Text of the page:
The emergency manager in Independence, Iowa, referred to flooding as unprecedented and life-threatening Wednesday morning, following 6.10 inches of rain.

Moderate to major flight delays have been occurring at Chicago O'Hare International Airport and Midway Airport as a result of the drenching thunderstorms.

Louisville and Madisonville, Kentucky have been experiencing flash flooding as storms continue, according to law enforcement and an NWS employee.

Northeast Regional Radar:

Indianapolis Radar:


- AccuWeather.


As Severe Storms Threaten 100 Million Citizens From Chicago To New York.


Another show in a seemingly endless parade of severe weather will march through the Midwest and the Northeast into Wednesday night, bringing damaging winds, large hail, flash flooding and even the threat for tornadoes along with it.

Cities most at risk include New York City, Boston, Philadelphia, Pittsburgh, Baltimore, Washington, Chicago, Nashville, Tenn., Indianapolis and St. Louis.

The worst of the storms will produce damaging wind gusts as high as 70 mph, hail as large as golf balls and perhaps an isolated tornado.

Wind gusts to 70 mph can easily uproot trees, snap off large branches and bring down power lines. Sporadic power outages are possible in some areas. Winds of this strength can also damage roofs and send unsecured objects airborne.

Hail as large as golf balls can cause damage to vehicles and crops. Any people or livestock caught outside can easily be injured.

While the pattern does not favor a large outbreak of tornadoes by any means, a few short-lived twisters are possible, especially across southern Illinois, southern Indiana and western Kentucky.

The most dangerous storms are likely to fire from St. Louis into Indianapolis, Louisville and Cincinnati during the afternoon and evening hours.

If you have any plans to be out and about on Wednesday or Wednesday night, keep an eye out for rapidly changing weather conditions.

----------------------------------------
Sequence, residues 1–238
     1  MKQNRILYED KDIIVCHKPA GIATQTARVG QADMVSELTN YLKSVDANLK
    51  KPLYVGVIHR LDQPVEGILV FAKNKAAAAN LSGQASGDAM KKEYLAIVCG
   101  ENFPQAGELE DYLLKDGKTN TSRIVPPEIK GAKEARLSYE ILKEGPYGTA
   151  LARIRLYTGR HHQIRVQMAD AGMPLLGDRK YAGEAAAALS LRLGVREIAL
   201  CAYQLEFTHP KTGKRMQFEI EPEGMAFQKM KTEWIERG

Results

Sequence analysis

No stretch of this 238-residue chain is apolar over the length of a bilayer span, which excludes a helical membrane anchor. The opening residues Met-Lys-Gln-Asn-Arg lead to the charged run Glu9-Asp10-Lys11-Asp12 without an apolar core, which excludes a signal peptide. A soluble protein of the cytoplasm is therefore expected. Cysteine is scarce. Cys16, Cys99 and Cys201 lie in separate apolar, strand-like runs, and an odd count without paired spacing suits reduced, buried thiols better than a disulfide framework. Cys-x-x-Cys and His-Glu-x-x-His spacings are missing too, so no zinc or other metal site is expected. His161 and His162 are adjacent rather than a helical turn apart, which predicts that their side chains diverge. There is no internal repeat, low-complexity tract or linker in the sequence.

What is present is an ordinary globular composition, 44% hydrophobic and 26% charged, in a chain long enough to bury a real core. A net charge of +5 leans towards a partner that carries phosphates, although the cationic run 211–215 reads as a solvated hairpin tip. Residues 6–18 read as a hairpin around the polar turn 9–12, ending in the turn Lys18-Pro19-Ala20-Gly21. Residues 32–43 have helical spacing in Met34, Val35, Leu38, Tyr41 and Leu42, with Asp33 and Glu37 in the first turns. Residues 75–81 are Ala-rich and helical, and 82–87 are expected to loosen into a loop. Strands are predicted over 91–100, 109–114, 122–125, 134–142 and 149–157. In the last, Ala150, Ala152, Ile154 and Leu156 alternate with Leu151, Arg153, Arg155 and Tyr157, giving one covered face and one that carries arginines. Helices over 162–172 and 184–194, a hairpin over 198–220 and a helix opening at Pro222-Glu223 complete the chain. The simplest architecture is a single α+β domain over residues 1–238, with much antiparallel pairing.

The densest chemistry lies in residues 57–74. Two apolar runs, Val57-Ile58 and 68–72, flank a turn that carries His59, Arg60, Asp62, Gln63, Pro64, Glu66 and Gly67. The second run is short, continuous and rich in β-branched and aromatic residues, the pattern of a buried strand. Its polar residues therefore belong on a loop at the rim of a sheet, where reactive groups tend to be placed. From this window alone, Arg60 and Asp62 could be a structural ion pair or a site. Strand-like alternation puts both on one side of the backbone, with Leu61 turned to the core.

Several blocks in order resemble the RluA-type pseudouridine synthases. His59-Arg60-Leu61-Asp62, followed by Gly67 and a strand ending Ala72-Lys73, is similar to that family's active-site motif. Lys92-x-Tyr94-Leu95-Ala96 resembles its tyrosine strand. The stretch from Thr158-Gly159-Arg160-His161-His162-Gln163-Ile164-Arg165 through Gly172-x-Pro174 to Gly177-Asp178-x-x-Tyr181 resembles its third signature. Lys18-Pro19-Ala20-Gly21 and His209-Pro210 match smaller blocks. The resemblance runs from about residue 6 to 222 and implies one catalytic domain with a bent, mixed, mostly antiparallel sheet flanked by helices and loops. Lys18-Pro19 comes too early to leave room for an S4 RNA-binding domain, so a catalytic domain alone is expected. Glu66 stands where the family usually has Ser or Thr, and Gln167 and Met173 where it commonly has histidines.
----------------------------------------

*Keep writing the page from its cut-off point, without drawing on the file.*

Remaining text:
Soon after showers first develop, many will strengthen quickly into thunderstorms, and dangerous conditions could follow soon after.

Dark skies ahead can signal blinding downpours, powerful winds and possible hail. If you get caught driving through this weather, pull over to a safe location, away from any trees or power poles, and wait for it to pass.

A major concern across the region is the potential for flooding rain. The storm system has had a history of flooding and producing torrential rainfall on the order of 3 to 6 inches in some communities over the Midwest during the Tuesday night and early morning hours Wednesday.


 National Weather Service Current Weather Warnings


This storm system will have the ability to produce 1-3 inches of rain in as many hours, potentially across such cities such as Indianapolis, Columbus, Ohio, and Pittsburgh.

Flash flooding can easily become life-threatening, and given the already saturated soil across the region, it will not take much rain to cause flooding.

Current technology has advanced enough over recent years to provide ample alert of the potential for severe weather and the approach of localized severe storms. Be sure to understand the difference between a watch and a warning. A watch means that an area is being monitored for dangerous weather. A warning means that dangerous weather is imminent. When a warning is issued, there may be too little time to travel across town or across a county to escape the storm. The time to have a plan of action and move to the general vicinity of a storm shelter or safe area is when a watch is issued.